Last summer, our family visited Oak Island, North Carolina for the first time. We spent a glorious week swimming in the ocean, basking in the warm sun and keeping an eye out for the baby sea turtles, which were due to hatch at any moment. We unplugged, relaxed and lost ourselves in each other’s company.
It wasn’t until we got home that I realized how few pictures I took. I was too busy enjoying every second of it to be concerned with capturing the moment.
Rather than looking at my children through my phone’s screen, I truly saw them. Instead of trying to pose them and worrying about the right lighting, I was actively engaged in what they were doing.
But now that we are in the middle of a long, cold winter and the sound of the waves crashing has faded from my memories, I wonder if I should have taken more pictures. Will I forget those lazy, summer days if I can’t scroll through my phone and bring up pictures of everything we did?
Which one is better in the long run: capturing or living in the moment? And which one is better for you and your family?
Living in the moment lets you be fully present
Have you ever gone out and forgotten to bring your phone? On one hand, it is blissful, right? No distractions and no notifications pinging at you. Nothing to remind you that you have emails to read and text messages that are waiting for a response.
You can focus one hundred percent and truly listen to your children’s stories. It is a sweet, but usually fleeting opportunity to see their view of the world.
On the rare occasions when this happens to me, I realize how good it feels and think that I should do this more often. What if I was always fully present when I was with my kids?
I could put away the phone and forget about trying to capture the moment for Facebook or Instagram. Instead of worrying about social media, I could try to engrave the moment as a picture in my head.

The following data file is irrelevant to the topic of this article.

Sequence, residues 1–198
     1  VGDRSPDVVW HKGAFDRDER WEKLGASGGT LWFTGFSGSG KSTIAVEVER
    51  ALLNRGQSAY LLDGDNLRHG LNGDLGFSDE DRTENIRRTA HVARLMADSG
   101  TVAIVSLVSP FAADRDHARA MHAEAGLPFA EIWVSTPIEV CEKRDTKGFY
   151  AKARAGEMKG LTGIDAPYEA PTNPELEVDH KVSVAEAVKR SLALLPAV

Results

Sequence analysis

Will you forget if you don’t capture the moment?
But I’ll be honest – my memory stinks. I can barely remember what I had for breakfast today, let alone the cute little outfit my daughter wore when she was three or the sideways smirk my youngest used to bestow upon me.
Motherhood can be a blur. The days are long and exhausting. Our brains are filled to capacity with trying to remember all the little details to keep these darlings alive. And unfortunately, sometimes we forget the precious moments that we have experienced along the way.
I”m so thankful that my parents have stacks of photo albums. They are jam packed with pictures of my sister and I growing up. Every birthday and vacation is recorded. There are pictures of childhood pets, school events and even our favorite toys.
Truthfully, it’s fun to go through them and ask my mom about the pictures. She would probably never spontaneously bring up the snowy day in 1984 that we built an eight foot tall snowman, but the picture sparked the memory and made a fun story to talk about and remember. Many of these moments would be forgotten without the pictures.
Do you have to pick capturing or living in the moment?
And that is why I think you should take at least a few pictures. You can record the moment and have something to fondly look back at. Years from now, this will help spark the memories and movies in your mind,
If you normally look at your Facebook memories, you probably understand exactly what I mean. Almost every day, I check it out and relive the moments from years ago.
I marvel over how little and adorable my children once were. I remember trips that we took, things my children said and time spent with friends and family. Every day, this gives me a happy feeling of nostalgia and helps me remember snapshots of my life.
But keep in mind, there is a difference between taking pictures for yourself and taking pictures for other people on social media. Your kids don’t need to be posed and sit impatiently while you take fifty different pictures trying to find the perfect one.
This is more about capturing the imperfect moments, the real life moments. Not the picture perfect life that we often display on social media, but the messy, chaotic, beautiful, real life that we are living. THIS is what you want to look back at in ten years.
So do you try capturing or living in the moment? Who says you have to choose one? Why not do both?
Snap a few pictures so twenty years from now, you can fondly remember that day. Then, put down the phone or the camera and go enjoy the moment. Fully immerse yourself, let your senses take over and help your kids form their own precious memories of that day.
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